|S S 300||Social Sciences Core I||3|
|S S 301||Social Sciences Core II||3|
|S S 600||Seminar in Method and Interdisciplinary Analysis or||3-4|
| An equivalent methods course from another discipline in
and social sciences
|Upper division courses from 3 different disciplines in the behavioral and social sciences and related fields. These courses must be chosen in consultation with an adviser, and students majoring in a behavioral or social science may not double count courses taken in their major discipline to meet this requirement||9-12|
Students must (1) complete the aptitude sections of the Graduate Record Examination; (2) complete a minimum of 24 upper division units of undergraduate study in the social and behavioral sciences with a 3.0 grade point average; (3) identify a core objective in pursuing a program of interdisciplinary study at the graduate level so that the graduate adviser may help to plan a coherent degree program. In exceptional cases, students who do not meet these criteria may be conditionally admitted subject to the approval of the departmental graduate advisers. These faculty members have final authority to determine the admissibility of students to this program in terms of all factors relevant to success in graduate study. With this in mind, applicants should send the following items to the graduate coordinator by March 1 for Fall semester admission or October 1 for Spring semester admission: (1) Report of G.R.E. aptitude scores; (2) Complete transcripts; (3) Department application, consisting of a statement of reasons describing core topic or theme and a sample curriculum pursuant thereto, academic and/or career goals and relation between past employment and proposed graduate program, summary of all past course work and grades categorized by academic level and area, two letters of academic and/or professional recommendation, and Applicant Information Sheet. Department applications can be obtained by contacting the Center for Interdisciplinary Programs at (415) 338-2055, located in HSS 382. It should be noted that the student must file an application for admission to the university and that none of the above items are substitutes for the materials directly required by the university Graduate Admissions Office.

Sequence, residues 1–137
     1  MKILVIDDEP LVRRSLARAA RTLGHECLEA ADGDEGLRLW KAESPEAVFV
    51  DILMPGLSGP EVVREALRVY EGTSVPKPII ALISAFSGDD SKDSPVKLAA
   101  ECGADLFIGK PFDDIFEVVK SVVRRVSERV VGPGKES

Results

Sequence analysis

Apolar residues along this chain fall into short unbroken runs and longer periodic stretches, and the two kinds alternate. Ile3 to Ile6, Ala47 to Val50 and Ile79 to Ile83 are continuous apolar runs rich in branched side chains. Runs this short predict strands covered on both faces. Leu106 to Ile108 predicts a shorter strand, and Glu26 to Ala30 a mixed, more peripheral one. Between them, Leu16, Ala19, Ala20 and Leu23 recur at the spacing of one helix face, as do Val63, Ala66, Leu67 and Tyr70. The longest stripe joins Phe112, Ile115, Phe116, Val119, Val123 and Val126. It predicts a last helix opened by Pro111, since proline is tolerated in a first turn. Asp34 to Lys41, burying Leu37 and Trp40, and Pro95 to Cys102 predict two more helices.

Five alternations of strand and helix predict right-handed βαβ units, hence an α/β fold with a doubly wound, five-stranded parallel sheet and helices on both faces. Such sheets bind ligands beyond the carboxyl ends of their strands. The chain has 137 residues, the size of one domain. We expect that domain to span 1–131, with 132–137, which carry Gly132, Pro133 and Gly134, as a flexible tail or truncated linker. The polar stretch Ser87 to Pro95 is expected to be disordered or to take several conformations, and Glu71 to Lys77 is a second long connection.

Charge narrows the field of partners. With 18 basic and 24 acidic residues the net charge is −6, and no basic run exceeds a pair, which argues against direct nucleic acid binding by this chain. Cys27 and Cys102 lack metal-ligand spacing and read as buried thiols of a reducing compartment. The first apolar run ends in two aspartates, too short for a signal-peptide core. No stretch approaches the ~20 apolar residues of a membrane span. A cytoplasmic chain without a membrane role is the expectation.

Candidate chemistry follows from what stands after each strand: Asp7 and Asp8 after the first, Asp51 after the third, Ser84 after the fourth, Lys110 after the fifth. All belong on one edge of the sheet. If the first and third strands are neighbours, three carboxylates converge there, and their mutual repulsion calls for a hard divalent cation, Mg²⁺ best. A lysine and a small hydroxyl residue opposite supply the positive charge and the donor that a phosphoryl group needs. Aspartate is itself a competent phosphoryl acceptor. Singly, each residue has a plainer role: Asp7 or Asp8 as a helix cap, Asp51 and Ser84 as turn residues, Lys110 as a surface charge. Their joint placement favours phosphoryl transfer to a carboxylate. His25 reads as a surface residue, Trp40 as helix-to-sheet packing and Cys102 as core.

After the student has completed between nine and fifteen units of work toward the degree, the graduate adviser will assist in choosing a two- or three-member faculty committee. This committee will normally include at least one member of the Social Science Program (Interdisciplinary Studies) and at least one member from the faculty of a specialized discipline who has an interest in the core topic around which the student plans the degree program. The full committee is responsible for guiding and supervising the student's graduate study.
Level One: completed by written work in S S 710. Level Two: completed by written work in S S 800.
Before filing the Graduate Approved Program (GAP) students must have successfully completed at least nine units of course work including S S 710. Students must file their GAP before enrollment in S S 800.